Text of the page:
Keywords: Choice Overload, Experimental Economics, Heteroscedastic Error Variance, Willingness to Pay, Institutional and Behavioral Economics, Research Methods/ Statistical Methods, C91, C18,
    Date: 2015
  17. By: Elbakidze, Levan; Nayga, Rodolfo
    Keywords: Institutional and Behavioral Economics,
    Date: 2015–07
  18. By: Di Bartolomeo Giovanni; Stefano Papa
    Date: 2015–05
  19. By: Menezes, Flavio
    Abstract: In this article we explore some of the theoretical developments over the last 40 years which led to the emergence of the field of market design. This new field has had a substantive impact on policy, especially after the highly successful auctions of the mobile telephony licences in the mid-1990s in the US. The auctions replaced an inefficient allocation system where licences were allocated to applicants via a lottery and subsequently sold for large windfalls. These auctions raised substantial amount of revenue for the US government and were adopted worldwide, including in Australia. First, I provide a brief history of market design in cases where monetary payments can be used as the basis to allocate goods and services. This history starts with the game theoretical foundations of non-cooperative behaviour – as typically the interests of different individuals are in conflict, for example, when buying or selling goods and services – and then moves on to mechanism design and auction theory and practice. Second, I will review a very large experiment in Brazil where markets were created to avoid electricity rationing in 2001. The choice of this example is not inconsequential. It is meant to illustrate that such an approach to public policy can be successful even in developing countries with weaker institutions. I will then provide some concluding comments.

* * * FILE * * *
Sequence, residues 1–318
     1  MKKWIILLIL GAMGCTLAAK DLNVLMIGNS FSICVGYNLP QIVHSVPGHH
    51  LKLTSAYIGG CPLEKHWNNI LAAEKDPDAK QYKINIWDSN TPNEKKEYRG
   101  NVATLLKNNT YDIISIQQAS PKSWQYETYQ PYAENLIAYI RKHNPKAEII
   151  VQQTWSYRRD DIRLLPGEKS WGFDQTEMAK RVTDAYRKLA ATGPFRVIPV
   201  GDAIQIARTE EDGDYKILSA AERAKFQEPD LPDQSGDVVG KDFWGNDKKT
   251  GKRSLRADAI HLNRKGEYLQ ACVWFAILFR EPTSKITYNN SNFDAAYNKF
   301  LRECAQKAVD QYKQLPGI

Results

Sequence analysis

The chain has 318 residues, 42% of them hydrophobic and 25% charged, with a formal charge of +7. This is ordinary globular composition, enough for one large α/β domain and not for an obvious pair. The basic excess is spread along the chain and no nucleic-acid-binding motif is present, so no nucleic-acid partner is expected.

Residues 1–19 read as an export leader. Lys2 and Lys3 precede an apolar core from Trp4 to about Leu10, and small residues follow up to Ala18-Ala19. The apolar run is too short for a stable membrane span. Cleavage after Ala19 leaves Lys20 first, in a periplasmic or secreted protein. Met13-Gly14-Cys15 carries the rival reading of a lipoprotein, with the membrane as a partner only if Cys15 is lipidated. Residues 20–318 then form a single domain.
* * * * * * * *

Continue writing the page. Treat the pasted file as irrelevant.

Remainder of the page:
Keywords: Auction theory, game theory, market design, Public Economics, D47, C7, D44,
    Date: 2013–09
  20. By: Malone, Trey; Lusk, Jayson L.
    Abstract: Research in psychology suggests that, somewhat paradoxically, providing consumers more choice can reduce the likelihood of making a purchase, producing the so-called excessive choice effect (ECE). To the extent the ECE exists, firms have an incentive to alleviate the effect through a variety of consumer-focused institutions that lower search costs. This study determines the effectiveness of three consumer-focused institutions on the excessive choice effect in a field experiment focused on beer sales in a restaurant. We manipulate the number of options on the menu (6 vs. 12) in addition to the use of search cost lowering consumer-focused institutions (a control, a menu, a menu with a special prominently displayed, a menu with local options prominently highlighted, and a menu with beer advocate scores). Although we find that consumers tend to be more likely to order beer when presented 6 rather than 12 options, the differences are often not significant depending which data are used and how it is analyzed. Highlighting specials or listing beer rankings have an effect on consumer choices, and have the potential to decrease the excessive choice effect. The experiment also suggests including a special is the most effective way to increase sales of a product category, but not the specific product itself.
    Keywords: excessive choice, informal institutions, field experiment, craft beer, Institutional and Behavioral Economics, Marketing, C93 D03 D12 Q00 Q13,
    Date: 2015
  21. By: Katare, Bhagyashree